Without corruption, can the Chinese Communist Party function?
Thomas Kwok, former co-chairman of Sun Hung Kai Properties Ltd., right, arrive at the High Court in a prison van in Hong Kong on Dec. 22, 2014. Kwok awaits sentencing after he was convicted on Dec. 19 of conspiring with Hong Kong’s former No. 2 official to commit misconduct in public office.
Thomas Kwok, [what a beauty he is...lol]
BEIJING – As China moves into the third year of its far-reaching anti-corruption campaign, experts and officials are worrying that without the grease of bribes, projects are stagnating and the economy is taking a hit.
Across China, more than 100,000 officials have been disciplined since Xi Jinping’s anti-corruption drive began, according to the government’s own figures.
The problem has become so severe it is ringing alarm bells at the top levels of government.
On Monday, Premier Li Keqiang demanded that local officials sign a written pledge to carry out major economic and social policies faithfully, saying that their dereliction of duty had slowed the economy, according to state media.
Ren Jianming, a professor of clean governance at Beihang University in Beijing, said officials were not used to a system that ran without corruption.
“Developers don’t believe that, without bribing, they would get a project, and officials don’t believe that, without bribing, they could be promoted,” he said.
“Officials have stopped or delayed making decisions to avoid risks. Even if they don’t take a bribe now, they might be suspected or reported. Then their previous corruption would be found out.”
Graft has certainly not gone away, but the anti-corruption campaign has taken a toll on the sales of luxury goods and on business at high-end restaurants and hotels.
The new reluctance among Chinese officials to act appears, as Li said, to have accelerated China’s economic slowdown, although the exact effect is hard to measure — not least because official statistics are not particularly credible.
“Anecdotally, this has had a real impact on investment projects (domestic and foreign-invested) for which approvals are not forthcoming,” Arthur Kroeber, head of research at consultants Gavekal Dragonomics, wrote in an e-mail, describing anti-corruption as “just one of a set of policies designed to slow GDP growth to a more sustainable rate.”
Lu Ting, a Hong Kong-based economist at Bank of America Merrill Lynch, warned in a report last year that the campaign was creating “political paralysis” that was depressing investment.
“Nobody wants to do anything,” said one official in Beijing, who declined to be identified while speaking on a sensitive subject.
Ren said some hospitals had apparently stopped buying new equipment because decision-makers were concerned about being investigated for corruption, while one businessman in Beijing said the campaign had not only depressed demand but also created new uncertainties.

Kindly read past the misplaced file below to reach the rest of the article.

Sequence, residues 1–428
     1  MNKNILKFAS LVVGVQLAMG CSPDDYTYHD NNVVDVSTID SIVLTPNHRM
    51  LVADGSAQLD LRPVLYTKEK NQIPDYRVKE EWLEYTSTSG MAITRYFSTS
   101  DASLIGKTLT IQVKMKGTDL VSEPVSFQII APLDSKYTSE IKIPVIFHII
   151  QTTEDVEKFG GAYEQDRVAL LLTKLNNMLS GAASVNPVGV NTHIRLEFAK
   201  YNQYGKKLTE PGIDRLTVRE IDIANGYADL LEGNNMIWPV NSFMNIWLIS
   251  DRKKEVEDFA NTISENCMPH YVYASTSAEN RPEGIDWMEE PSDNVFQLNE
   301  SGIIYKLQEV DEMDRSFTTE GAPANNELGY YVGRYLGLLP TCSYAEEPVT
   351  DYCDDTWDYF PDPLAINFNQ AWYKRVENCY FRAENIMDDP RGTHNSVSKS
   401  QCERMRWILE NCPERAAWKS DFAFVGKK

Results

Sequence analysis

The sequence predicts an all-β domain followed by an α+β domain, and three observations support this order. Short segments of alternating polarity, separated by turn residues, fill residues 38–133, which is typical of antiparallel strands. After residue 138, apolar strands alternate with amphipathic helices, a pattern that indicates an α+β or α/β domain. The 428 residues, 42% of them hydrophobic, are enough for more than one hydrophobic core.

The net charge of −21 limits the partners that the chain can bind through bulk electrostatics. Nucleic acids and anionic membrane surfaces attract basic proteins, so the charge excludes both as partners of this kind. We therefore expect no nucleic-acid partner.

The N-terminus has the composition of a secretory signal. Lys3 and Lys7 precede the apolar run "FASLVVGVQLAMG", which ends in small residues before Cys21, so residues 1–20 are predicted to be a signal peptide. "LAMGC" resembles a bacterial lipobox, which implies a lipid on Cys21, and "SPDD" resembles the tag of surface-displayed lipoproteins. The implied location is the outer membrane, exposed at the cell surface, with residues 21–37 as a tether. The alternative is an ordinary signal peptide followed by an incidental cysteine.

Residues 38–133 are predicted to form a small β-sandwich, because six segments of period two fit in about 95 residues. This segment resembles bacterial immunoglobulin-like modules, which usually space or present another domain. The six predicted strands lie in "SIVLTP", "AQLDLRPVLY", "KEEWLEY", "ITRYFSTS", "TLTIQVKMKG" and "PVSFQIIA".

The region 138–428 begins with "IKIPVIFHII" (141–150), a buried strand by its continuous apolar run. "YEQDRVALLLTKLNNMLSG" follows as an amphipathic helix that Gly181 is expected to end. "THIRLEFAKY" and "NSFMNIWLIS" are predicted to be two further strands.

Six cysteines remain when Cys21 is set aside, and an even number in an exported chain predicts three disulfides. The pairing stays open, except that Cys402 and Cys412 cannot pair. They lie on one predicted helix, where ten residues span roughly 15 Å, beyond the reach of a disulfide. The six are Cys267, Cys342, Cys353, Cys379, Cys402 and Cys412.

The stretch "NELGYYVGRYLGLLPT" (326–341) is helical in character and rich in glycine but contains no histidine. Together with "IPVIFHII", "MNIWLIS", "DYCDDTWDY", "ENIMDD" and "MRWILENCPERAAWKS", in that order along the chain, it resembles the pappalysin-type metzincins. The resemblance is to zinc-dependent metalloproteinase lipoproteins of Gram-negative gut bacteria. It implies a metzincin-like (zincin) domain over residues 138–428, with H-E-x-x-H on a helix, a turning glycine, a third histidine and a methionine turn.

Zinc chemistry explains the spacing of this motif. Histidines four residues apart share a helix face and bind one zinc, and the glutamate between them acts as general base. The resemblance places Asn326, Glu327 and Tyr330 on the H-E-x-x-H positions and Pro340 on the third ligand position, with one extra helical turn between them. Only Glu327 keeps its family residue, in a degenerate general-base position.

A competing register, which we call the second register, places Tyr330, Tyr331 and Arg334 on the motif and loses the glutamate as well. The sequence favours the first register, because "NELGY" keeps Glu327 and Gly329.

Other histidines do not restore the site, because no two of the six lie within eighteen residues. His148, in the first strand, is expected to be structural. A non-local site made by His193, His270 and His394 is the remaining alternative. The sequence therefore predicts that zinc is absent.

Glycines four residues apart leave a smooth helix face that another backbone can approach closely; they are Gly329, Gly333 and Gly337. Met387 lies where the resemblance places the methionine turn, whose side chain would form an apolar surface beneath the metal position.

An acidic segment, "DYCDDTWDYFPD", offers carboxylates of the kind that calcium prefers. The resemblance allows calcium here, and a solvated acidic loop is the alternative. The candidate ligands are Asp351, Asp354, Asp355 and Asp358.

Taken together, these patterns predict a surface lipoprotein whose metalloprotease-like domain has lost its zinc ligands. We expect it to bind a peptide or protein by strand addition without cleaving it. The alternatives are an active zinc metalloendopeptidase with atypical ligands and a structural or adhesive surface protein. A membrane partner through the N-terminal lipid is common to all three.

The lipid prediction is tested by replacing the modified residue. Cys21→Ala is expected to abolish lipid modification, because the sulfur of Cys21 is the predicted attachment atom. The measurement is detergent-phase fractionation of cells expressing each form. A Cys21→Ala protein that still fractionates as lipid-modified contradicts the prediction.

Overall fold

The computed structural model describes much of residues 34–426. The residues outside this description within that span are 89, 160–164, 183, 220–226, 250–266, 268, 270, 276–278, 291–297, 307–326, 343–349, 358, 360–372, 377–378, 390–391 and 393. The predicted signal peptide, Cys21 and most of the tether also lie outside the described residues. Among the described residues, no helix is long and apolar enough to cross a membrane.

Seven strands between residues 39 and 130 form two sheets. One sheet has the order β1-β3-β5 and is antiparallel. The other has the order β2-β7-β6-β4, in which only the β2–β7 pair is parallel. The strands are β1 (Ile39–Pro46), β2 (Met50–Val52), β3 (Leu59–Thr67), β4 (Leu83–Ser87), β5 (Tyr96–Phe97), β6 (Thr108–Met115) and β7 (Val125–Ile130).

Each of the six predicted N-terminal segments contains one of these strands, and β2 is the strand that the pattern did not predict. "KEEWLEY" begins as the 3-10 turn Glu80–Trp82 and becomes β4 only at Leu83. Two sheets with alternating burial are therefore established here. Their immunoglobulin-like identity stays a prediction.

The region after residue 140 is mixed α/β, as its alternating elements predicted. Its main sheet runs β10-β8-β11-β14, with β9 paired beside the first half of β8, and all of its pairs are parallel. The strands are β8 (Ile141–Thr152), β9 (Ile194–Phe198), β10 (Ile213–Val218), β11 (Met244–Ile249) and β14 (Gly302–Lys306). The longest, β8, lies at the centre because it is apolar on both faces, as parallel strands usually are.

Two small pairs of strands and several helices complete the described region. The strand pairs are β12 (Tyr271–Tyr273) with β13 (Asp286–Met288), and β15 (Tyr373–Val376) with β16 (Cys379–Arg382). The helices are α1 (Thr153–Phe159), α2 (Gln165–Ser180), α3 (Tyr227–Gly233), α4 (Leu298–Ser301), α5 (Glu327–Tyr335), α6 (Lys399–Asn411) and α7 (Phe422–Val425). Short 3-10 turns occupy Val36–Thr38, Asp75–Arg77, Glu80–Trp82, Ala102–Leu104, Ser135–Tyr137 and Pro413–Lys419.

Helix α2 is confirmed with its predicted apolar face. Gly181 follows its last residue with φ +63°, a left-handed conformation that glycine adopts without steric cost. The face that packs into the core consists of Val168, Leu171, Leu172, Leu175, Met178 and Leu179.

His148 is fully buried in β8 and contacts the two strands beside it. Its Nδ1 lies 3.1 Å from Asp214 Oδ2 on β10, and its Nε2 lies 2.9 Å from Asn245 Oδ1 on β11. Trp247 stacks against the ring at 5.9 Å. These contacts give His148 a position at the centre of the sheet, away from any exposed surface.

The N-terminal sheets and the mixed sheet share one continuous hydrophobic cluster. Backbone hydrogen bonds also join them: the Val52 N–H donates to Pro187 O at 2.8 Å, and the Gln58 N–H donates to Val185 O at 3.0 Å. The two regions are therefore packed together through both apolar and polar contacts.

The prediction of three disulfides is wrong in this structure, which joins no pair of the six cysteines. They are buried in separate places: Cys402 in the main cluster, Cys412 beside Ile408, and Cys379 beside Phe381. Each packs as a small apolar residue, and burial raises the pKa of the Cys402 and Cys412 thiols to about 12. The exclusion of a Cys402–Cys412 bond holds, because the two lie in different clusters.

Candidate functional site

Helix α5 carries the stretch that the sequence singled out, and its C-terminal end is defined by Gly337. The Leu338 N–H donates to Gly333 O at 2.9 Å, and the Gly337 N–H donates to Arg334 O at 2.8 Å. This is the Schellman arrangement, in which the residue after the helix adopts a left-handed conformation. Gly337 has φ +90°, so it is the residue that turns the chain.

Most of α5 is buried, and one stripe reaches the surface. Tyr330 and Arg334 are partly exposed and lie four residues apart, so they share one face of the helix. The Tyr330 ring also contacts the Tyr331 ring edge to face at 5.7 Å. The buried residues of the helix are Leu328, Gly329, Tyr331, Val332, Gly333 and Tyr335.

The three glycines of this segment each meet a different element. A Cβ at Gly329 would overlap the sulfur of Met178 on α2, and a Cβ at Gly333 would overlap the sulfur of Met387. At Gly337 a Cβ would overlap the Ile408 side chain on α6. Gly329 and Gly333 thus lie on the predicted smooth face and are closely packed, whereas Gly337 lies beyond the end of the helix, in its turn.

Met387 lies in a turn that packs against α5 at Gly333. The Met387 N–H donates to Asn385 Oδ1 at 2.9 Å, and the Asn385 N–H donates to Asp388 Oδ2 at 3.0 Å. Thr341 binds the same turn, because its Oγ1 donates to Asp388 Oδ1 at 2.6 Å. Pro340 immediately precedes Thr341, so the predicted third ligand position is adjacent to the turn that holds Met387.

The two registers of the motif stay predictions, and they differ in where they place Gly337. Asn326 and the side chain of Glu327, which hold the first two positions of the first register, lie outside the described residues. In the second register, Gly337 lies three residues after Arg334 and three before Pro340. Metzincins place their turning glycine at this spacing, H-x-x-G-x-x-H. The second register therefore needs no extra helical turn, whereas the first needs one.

“Before, when we wanted to get things done, we invited officials to dinner,” the businessman said. “If they showed up, we knew things would get done. But they don’t show up, so we don’t know what will happen.”
Minxin Pei, director of the Keck Center for International and Strategic Studies at Claremont McKenna College, says officials are engaged in a form of non-cooperation, of “passive resistance” to Xi’s efforts to overhaul the party.
“He has taken away their cheese without offering anything in return,” he said.
Officials, Pei argued, know that the party’s very survival would be threatened if they stopped working indefinitely and the economy sank, and are demanding to be allowed to return to their corrupt ways.
Some economists argue that the anti-corruption drive will ultimately make China’s economy more efficient and lower business costs, just as similar campaigns in Hong Kong and Singapore were credited with doing in the 1970s.
“It takes the stress away,” Joerg Wuttke, president of the European Chamber of Commerce in China, told Bloomberg last year.
Meanwhile, Bank of America’s Lu expects the campaign to have less negative impact on economic growth this year, partly because, having consolidated power, “the government regains the authority to either force or entice government officials to perform.”
In addition, he wrote in a research note last month, “younger officials promoted in the past two years are either cleaner or are more loyal to the current government. These officials tend to be more proactive in boosting growth.”
But others are not so sure that the campaign will have a lasting effect.
“The party knows it cannot totally clean the system because the problem of corruption has been around for many years,” said Li Yongzhong, a senior researcher working within the anti-corruption system.
“It’s a consequence of China implanting the Soviet system, with a concentration of power, and officials being appointed by their supervisors rather than elected. Without reform of the system, appointing new officials can only treat the symptoms. It won’t make any fundamental difference.”